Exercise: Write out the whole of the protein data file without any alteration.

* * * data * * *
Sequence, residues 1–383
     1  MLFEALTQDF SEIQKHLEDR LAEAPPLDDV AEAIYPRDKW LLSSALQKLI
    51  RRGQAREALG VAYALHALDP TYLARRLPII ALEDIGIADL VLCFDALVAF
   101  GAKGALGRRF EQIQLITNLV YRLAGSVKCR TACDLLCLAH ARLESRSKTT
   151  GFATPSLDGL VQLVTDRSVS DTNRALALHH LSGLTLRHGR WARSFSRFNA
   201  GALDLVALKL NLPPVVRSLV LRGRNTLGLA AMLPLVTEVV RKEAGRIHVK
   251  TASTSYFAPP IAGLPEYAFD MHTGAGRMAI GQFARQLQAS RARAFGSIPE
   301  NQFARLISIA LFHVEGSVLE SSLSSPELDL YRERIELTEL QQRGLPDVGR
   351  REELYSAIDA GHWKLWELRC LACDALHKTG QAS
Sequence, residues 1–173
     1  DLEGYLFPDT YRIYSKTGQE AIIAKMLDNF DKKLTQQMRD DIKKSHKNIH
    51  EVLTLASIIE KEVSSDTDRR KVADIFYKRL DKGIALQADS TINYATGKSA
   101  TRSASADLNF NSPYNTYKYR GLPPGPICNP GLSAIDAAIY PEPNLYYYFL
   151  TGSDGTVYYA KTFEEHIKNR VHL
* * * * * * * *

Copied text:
Sequence, residues 1–383
     1  MLFEALTQDF SEIQKHLEDR LAEAPPLDDV AEAIYPRDKW LLSSALQKLI
    51  RRGQAREALG VAYALHALDP TYLARRLPII ALEDIGIADL VLCFDALVAF
   101  GAKGALGRRF EQIQLITNLV YRLAGSVKCR TACDLLCLAH ARLESRSKTT
   151  GFATPSLDGL VQLVTDRSVS DTNRALALHH LSGLTLRHGR WARSFSRFNA
   201  GALDLVALKL NLPPVVRSLV LRGRNTLGLA AMLPLVTEVV RKEAGRIHVK
   251  TASTSYFAPP IAGLPEYAFD MHTGAGRMAI GQFARQLQAS RARAFGSIPE
   301  NQFARLISIA LFHVEGSVLE SSLSSPELDL YRERIELTEL QQRGLPDVGR
   351  REELYSAIDA GHWKLWELRC LACDALHKTG QAS
Sequence, residues 1–173
     1  DLEGYLFPDT YRIYSKTGQE AIIAKMLDNF DKKLTQQMRD DIKKSHKNIH
    51  EVLTLASIIE KEVSSDTDRR KVADIFYKRL DKGIALQADS TINYATGKSA
   101  TRSASADLNF NSPYNTYKYR GLPPGPICNP GLSAIDAAIY PEPNLYYYFL
   151  TGSDGTVYYA KTFEEHIKNR VHL